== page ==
21 November

X.Y. Company Formed

Fortitude in distress.

                    -MOTTO OF THE BEAVER CLUB

The feudal state of Fort William is at an end; its council chamber is silent and deserted; its banquet-hall no longer echoes to the burst of loyalty, or the "auld world" ditty; the lords of the lakes and forests have passed away.

                -WASHINGTON IRVING, 1836,

Even today a group of businessmen in Montreal, with distinguished guests from other places, meets occasionally to commemorate one or Canada's earliest social organizations, the Beaver Club. They appear in the costumes of the coureurs de bois and the ceremonies always include an after dinner "paddle"- the members and guests sit in a double line on the carpet, facing in the same direction, and use pokers, brooms, and walking sticks while they pretend to be paddling a war-canoe.

The original Beaver Club was founded by the aggressive members of the Northwest Company, mostly Scotsmen, who were determined to break the Hudson's Bay Company's fur-trading monopoly. While the H.B.C. (sometimes called "Here Before Christ") men waited at their posts for the Indians to bring their furs to them, the Nor'Westers sent their men all over western Canada to deal directly with the Indians. Some of the greatest explorers were Nor'Westers: Mackenzie, Fraser, Thompson, Henry, and others.

Competition was so keen that it almost became a civil war. The chief beneficiaries were the Indians, who learned to play off the rival fur traders to obtain higher prices for their furs. The Northwest Company not only competed with the Hudson's Bay Company, but some of its own men broke away and formed the X.Y. Company on November 21, 1795. John Jacob Astor's fur traders increased the competition, and Lord Selkirk's colonization of the Red River added further pressure. The Northwest Company's feud with Selkirk led to the battle of Seven Oaks (see June 19) and Selkirk's raiding of Northwest headquarters at Fort William. Although Selkirk lost a legal battle with the Northwest Company, as well as a large part of his fortune, and his life, his Red River colony did not fail. It was the beginning of the settlement of the Prairies, which were to become one of the greatest granaries of the world.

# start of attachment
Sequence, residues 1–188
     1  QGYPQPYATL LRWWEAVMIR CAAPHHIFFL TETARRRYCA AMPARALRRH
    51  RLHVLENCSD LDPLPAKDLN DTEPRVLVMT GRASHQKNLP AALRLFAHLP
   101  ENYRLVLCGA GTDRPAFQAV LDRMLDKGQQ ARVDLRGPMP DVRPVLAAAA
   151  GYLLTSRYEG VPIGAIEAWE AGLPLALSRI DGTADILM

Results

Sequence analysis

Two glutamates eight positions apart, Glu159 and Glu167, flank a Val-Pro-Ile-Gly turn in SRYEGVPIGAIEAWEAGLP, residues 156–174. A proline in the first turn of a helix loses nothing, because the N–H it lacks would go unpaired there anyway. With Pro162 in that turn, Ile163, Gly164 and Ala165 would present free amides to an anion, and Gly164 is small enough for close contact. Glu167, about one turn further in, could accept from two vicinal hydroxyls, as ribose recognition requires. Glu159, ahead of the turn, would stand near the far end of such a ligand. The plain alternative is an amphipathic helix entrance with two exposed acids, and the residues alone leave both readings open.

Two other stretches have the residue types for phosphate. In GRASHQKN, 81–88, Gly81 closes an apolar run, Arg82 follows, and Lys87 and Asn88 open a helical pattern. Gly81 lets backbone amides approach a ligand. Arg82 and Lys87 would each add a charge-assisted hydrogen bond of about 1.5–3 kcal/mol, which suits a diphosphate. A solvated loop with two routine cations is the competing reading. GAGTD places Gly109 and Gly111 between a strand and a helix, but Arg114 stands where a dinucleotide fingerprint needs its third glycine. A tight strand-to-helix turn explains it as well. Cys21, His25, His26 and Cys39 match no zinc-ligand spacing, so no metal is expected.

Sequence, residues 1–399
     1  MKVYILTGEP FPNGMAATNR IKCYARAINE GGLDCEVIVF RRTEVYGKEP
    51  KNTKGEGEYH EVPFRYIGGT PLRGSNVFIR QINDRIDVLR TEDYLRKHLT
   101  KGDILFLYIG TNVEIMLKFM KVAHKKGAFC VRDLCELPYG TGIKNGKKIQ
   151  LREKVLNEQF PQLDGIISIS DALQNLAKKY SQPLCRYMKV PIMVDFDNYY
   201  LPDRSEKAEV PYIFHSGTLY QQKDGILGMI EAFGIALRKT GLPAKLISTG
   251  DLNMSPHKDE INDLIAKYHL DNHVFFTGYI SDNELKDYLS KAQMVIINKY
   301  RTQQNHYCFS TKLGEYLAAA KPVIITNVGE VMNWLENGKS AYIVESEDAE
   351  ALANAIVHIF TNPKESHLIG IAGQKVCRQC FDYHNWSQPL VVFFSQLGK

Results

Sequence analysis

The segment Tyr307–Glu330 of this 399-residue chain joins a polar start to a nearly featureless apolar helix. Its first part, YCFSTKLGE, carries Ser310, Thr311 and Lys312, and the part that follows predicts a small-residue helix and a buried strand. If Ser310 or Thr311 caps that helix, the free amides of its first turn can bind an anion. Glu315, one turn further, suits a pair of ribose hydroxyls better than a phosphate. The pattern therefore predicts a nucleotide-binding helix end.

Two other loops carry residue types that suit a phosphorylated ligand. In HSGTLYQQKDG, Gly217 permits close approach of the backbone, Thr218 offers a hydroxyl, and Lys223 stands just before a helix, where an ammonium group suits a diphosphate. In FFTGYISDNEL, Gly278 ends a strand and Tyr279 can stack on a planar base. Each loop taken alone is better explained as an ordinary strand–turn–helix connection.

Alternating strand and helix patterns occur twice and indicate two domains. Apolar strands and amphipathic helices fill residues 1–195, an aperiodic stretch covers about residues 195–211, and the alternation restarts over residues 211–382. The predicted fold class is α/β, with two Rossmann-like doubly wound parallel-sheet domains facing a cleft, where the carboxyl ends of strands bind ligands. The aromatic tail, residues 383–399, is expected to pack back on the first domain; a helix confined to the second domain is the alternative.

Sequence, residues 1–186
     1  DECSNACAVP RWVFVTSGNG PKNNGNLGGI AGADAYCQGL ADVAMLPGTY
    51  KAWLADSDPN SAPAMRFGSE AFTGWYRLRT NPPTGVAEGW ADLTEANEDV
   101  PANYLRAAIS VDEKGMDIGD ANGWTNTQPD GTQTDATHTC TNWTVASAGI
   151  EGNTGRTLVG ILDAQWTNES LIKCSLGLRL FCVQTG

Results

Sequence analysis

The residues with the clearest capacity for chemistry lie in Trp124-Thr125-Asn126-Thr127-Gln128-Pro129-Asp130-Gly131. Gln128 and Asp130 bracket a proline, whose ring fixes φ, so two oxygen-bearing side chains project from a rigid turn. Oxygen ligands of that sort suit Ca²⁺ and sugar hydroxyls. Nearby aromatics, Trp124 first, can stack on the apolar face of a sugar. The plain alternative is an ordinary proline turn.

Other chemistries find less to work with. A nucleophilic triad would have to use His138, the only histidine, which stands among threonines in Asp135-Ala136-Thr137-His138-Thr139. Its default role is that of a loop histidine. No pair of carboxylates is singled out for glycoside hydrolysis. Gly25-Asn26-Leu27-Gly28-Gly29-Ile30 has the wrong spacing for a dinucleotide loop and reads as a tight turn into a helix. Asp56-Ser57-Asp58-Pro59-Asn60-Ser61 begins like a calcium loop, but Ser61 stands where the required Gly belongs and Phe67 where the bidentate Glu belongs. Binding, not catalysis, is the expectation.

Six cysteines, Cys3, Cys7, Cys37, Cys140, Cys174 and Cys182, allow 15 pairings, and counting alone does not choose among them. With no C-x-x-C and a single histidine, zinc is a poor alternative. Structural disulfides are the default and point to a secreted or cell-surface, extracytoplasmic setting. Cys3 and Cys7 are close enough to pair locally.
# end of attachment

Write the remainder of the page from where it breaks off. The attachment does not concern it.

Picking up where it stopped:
The fierce competition ended in 1821 when the No Company merged with the Hudson's Bay Company, and surrendered its name and trading posts. The Hudson's Bay Company then reigned supreme from Labrador to the Pacific coast, and only the Beaver Club in Montreal remained as a memorial to the Nor'Westers.


21 November

-1763    Benjamin Franklin established post offices at Montreal, Trois Rivières, and Quebec.

-1817    St. John's, Newfoundland, was badly dam aged by fire.

-1829    Egerton Ryerson published the first issue of the Christian Guardian supporting Methodist interests in religion and politics.

-1856    The Grand Trunk Railway was completed from St. Mary's to Sarnia, Ontario.

-1890    The Indians of Ontario and Quebec petitioned to be able to elect their own chiefs as formerly, though still subject to the Queen.

-1942    The Alaska Highway was opened.

-1950    A collision between a troop train and the C.N. transcontinental at Canoe Lake, British Columbia, killed twenty-one, and injured fifty-three.

-1954    H.M.C.S. Labrador completed an 18, 000 mile trip around the continent via the Northwest Passage and the Panama Canal.